CHAMPION STRATEGIES – PUBLIC SPEAKING WORKSHOP – August 4, 2020
Module Nine: Delivering Your Speech (I) (PART TWO)
Using Visual Aids
Visual aids are able to:
Clarify data that may be difficult for the audience to grasp from a verbal presentation alone. Charts and graphs are especially helpful for this purpose.
Highlight your main ideas.
Help your audience remember your main ideas. Many studies have shown that an audience remembers the main points of a presentation longer if the speaker uses visual aids.
Signal transitions between major sections of your presentation.
Shorten meetings. If handled properly, visual aids can shorten meetings by allowing the speaker to spend less time clarifying and repeating the main points of the presentation.
One study has shown that presentations that include visual aids are more persuasive than presentations that do not. There is some dispute over whether the use of visual aids is simply a gimmick to cover for the fact that a presentation does not say very much – an accusation of style over substance – and there are certainly cases where this happens.
But the coherent use of visual aids will make a presentation more memorable to the audience and will allow the presenter to make his or her points more completely. Getting it right can be difficult, but if you do get it right the pay-off can be huge.
Try to avoid simply copying the visual aids you have seen used before. If you have seen them, then the chances are that your audience will have seen them too. If they were successful then, the audience will be prone to think back to that presentation and either ignore yours or constantly compare the two.
If they were unsuccessful, then it is unlikely that they will suddenly have become more effective. It is best to think of visual aids after you have written the presentation, as this will allow you to think of a coherent uniting factor between the elements you wish to illustrate.
If you can think of a visual aid that can be used interactively, then so much the better. One obstacle which presenters find they run into is the difficulty of saying something that has not been said before, or in a way in which it has never been said.
By achieving this, you will create a situation where your audience will refer back to your presentation as “remember the time when …” Having this kind of memorable impact can make your presentation a lot more effective. It should, however, not be all that people remember. Over-reliance on visual aids will simply lead to your broader message falling on deaf ears.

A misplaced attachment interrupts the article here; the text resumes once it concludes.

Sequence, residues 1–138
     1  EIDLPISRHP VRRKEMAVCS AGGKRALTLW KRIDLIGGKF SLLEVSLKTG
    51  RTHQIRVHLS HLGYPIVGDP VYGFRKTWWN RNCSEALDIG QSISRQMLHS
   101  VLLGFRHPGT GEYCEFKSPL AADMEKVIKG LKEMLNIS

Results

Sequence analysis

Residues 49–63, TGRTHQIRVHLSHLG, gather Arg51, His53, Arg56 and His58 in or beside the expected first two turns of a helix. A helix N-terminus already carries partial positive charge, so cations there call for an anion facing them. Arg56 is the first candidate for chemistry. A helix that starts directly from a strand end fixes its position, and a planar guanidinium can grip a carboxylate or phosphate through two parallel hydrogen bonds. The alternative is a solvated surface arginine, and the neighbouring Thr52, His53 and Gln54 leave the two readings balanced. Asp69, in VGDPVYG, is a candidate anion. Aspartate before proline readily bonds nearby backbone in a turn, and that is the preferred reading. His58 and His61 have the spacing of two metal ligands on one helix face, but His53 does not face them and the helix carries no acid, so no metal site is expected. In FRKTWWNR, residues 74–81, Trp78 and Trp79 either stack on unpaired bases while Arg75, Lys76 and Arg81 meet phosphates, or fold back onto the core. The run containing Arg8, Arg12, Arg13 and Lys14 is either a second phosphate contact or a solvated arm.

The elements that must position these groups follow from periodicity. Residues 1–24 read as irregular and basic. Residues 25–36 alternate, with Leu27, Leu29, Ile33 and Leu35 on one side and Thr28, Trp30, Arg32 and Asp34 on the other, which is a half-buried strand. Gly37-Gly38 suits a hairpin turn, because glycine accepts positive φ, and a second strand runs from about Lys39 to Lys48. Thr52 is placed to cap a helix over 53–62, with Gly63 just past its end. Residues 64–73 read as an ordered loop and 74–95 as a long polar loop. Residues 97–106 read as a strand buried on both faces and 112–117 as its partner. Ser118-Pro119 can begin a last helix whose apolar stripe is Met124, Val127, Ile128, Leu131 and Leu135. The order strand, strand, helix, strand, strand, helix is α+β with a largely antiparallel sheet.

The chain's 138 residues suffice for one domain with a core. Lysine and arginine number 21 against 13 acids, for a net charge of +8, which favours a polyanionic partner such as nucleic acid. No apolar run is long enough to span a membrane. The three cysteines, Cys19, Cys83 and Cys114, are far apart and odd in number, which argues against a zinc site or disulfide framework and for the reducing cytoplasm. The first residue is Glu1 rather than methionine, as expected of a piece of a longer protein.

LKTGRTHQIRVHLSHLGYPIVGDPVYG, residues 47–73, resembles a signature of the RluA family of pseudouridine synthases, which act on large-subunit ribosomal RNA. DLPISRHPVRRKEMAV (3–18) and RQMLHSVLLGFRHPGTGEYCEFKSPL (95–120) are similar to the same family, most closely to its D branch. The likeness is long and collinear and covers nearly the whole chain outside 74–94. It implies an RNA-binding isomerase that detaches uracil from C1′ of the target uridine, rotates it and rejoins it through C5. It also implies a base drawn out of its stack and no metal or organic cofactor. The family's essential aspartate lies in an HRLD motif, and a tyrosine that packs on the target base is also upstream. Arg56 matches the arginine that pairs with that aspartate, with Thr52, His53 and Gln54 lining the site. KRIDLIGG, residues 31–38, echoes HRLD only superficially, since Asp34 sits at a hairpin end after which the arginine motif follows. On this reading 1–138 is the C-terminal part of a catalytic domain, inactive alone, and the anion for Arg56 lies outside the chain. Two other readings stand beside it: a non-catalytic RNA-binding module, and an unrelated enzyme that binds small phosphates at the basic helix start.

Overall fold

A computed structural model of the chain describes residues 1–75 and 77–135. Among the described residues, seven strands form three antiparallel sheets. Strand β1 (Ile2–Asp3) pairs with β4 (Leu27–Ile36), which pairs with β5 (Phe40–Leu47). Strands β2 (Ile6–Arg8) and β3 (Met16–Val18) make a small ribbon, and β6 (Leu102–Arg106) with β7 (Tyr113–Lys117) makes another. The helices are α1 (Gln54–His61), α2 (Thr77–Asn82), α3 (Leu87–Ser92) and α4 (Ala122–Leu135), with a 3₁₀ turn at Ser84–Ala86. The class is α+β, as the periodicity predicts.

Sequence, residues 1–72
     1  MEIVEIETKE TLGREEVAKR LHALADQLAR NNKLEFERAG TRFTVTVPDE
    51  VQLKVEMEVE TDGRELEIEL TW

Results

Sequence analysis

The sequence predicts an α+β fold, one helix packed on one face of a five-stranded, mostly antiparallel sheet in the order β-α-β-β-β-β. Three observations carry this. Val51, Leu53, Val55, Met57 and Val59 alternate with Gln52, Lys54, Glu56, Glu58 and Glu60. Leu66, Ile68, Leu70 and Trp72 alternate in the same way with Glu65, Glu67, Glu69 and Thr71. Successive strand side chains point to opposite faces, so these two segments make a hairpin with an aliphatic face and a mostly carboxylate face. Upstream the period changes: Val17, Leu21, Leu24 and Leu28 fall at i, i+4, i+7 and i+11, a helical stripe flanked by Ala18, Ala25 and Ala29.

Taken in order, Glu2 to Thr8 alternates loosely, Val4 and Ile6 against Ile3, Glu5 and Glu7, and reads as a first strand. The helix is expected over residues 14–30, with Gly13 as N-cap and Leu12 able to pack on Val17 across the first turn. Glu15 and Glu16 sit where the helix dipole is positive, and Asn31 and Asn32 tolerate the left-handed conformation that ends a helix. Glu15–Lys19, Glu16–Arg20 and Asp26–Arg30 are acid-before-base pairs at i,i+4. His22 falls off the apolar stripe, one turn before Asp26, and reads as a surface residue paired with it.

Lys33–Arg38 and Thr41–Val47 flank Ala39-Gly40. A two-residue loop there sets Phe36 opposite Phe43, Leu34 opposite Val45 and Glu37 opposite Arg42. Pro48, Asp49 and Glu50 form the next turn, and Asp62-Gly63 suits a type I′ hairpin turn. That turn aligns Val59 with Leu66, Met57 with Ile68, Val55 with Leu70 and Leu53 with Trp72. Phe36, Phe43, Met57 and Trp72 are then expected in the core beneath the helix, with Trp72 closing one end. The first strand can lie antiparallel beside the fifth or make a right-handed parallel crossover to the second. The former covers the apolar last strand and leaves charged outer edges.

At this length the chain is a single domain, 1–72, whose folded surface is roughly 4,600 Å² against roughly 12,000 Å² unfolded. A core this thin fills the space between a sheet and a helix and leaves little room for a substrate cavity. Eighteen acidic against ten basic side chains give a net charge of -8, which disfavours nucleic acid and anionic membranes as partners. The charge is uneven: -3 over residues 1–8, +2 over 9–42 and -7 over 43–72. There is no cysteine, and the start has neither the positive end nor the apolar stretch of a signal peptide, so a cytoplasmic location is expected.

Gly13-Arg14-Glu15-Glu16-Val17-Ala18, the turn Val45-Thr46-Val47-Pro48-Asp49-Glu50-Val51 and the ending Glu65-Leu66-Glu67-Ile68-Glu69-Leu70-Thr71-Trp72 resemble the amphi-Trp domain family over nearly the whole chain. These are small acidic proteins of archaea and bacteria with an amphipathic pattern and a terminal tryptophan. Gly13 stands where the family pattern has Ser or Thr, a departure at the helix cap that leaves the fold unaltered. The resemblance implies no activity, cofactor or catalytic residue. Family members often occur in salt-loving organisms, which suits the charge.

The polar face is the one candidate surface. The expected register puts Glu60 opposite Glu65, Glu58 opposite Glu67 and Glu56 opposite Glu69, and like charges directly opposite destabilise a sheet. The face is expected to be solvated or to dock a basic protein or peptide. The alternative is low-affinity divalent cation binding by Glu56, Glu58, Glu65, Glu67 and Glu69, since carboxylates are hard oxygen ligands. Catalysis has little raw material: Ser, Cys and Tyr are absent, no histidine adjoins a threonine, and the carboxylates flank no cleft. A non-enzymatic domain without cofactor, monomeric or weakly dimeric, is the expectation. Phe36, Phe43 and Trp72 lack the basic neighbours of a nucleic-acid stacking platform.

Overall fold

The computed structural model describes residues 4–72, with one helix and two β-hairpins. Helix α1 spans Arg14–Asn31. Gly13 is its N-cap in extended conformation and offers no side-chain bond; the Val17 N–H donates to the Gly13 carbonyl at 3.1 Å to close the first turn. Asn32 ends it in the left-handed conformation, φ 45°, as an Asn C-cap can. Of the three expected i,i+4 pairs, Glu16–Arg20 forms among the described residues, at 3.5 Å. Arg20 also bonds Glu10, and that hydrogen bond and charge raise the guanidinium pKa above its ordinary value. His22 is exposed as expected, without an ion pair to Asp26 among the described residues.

Checking the Volume of Your Voice
The more people there are in a room, the louder you will have to speak. People make noise unintentionally by moving around in their seats or shuffling papers.
If you find that you have to shout to make yourself heard in the back of the room, then you need a microphone. Overall, though, conference rooms tend to be built in order to allow a presenter’s voice to carry. The difficulty of getting your voice to just the right volume for a presentation is made by the fact that there are multiple rows of people viewing the presentation. In this case, it is important to take account of the seating arrangements.
Before you say anything else in a presentation, it may be a good idea to ask, in the voice you intend to use for the presentation, whether everyone can hear you clearly. The element of balance is again important here.
Speakers who are too quiet will have the obvious disadvantage that their listeners genuinely cannot hear them, as well as the fact that they will appear nervous and not in command. This does not excuse going too far in the opposite direction, which will lead people to consider you brash and over-confident, and either consciously or subconsciously give less weight to your views.
Shouting distorts the voice, and it is a simple fact that something which is shouted will not be heard as clearly as something of a similar length which is spoken powerfully from the middle of the chest. Also bear in mind that if you plan to move around the venue, you will need to make adjustments at times to ensure that your voice carries the extra distance.
If you are facing away from the audience, keep your statements during this time to a minimum, and try if possible to turn to face them during this period. If a microphone will be necessary, ensure that one is available, and tested before use – microphones can have a distorting effect which will make any presentation less worthwhile.
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